A True Walk-On

It would be an exaggeration to say that Boston University winger Matt Radoslovich is the kind of a player that comes along once in a lifetime. However, it would be accurate to describe him as a phenomenon that has occurred exactly twice in the 30-year coaching reign of the Terriers’ Jack Parker.

Radoslovich is what you could call the ultimate walk-on. Most D-I programs are allowed to have only 18 scholarships, so invariably every team has players who are referred to as walk-ons. However, the majority of these players are individuals who have been scouted by the team and encouraged to come play at the school.



It’s extremely rare for a player to show up as a complete mystery man and end up making the team. Becoming a regular player on a team that consistently flirts with Top 10 status is almost unprecedented. The only one that comes to mind is Kenny Rausch — who came out of nowhere for the Terriers as a freshman walk-on and worked his way up as a valuable swingman, culminating in a Beanpot MVP award and a NCAA Championship as senior. The question is, how many true walk-ons have played significant roles on Parker’s teams over the years?

“I was just going to say two: [Radoslovich] and Kenny,” confirmed Parker. “Pure walk-on, we didn’t hear anything about, never heard of, never saw play. Kenny came in to see us in the summertime because he wanted to play. We kept him on the team just because of his roommate [All-American defenseman Kaj Linna], and I don’t think he played a game his freshman year.

“Mike Boyle made him stronger — he was a little wisp of a thing when he first came in here, but he was always a smart player. A lot like Rado — very similar in their style — but he’s the only guy I can remember who was absolutely a pure walk-on before.”

Radoslovich’s improbable story started with a terrific senior year in high school, playing for Bergen Catholic in New Jersey. The Wanaque, N.J., native scored 31 goals (including nine game winners), split time between forward and defense, led his team to the overall New Jersey state title, and was named Player of the Year by the Newark Star Ledger and the Bergen Record.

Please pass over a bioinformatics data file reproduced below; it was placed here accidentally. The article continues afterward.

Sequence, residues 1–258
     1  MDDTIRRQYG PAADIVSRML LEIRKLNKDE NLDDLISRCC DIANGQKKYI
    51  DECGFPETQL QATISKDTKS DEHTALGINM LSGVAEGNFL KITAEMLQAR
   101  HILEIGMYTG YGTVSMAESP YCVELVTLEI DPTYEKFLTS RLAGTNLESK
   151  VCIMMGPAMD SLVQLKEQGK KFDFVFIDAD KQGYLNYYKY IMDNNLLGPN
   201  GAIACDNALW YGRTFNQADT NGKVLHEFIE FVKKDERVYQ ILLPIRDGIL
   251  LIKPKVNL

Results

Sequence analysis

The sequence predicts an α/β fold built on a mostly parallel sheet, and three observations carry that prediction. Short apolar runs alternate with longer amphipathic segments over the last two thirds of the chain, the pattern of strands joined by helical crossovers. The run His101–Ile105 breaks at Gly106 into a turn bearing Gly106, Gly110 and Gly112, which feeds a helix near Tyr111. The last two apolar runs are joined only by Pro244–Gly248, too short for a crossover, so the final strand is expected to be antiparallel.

He clearly had some skill and a passion for the game. So why would he take a chance by trying to walk on at one of the top hockey schools at the nation instead of setting his sights a little lower — maybe starring for a D-III school or playing in the MAAC? Amazingly enough, no one else wanted him.

“I applied to four schools: two of them were Division III, the other one was Division I MAAC,” Radoslovich said. “I sent them all a letter and made a phone call to all the coaches — just like I did to BU — but none of them really showed any interest or anything; the only one was Coach Parker. He called me back at home, and he showed some interest, so I gave it a shot.”

A mystery man played a starring role in getting the Terriers to take Radoslovich seriously as an invitee.

“I’m ashamed to say I don’t know who it was,” Parker said. “Honest, it just bugs me. It was a former BU football player who was a high school football coach down in that area and knew the family and knew Rado but didn’t coach him or anything.

Radoslovich has found a home on the Terriers' fourth line.

Radoslovich has found a home on the Terriers’ fourth line.

“He said, ‘I know this kid, and he’s a hell of a kid. He’s got a good reputation as a hockey player here — I don’t know how good because I don’t know anything about hockey. But I can guarantee you one thing — he’s a hell of a kid character-wise, and you won’t have a guy who will work harder than him.'”

“Nobody can remember his name,” Radoslovich said. “I owe a lot to that guy, though — got my foot in the door.”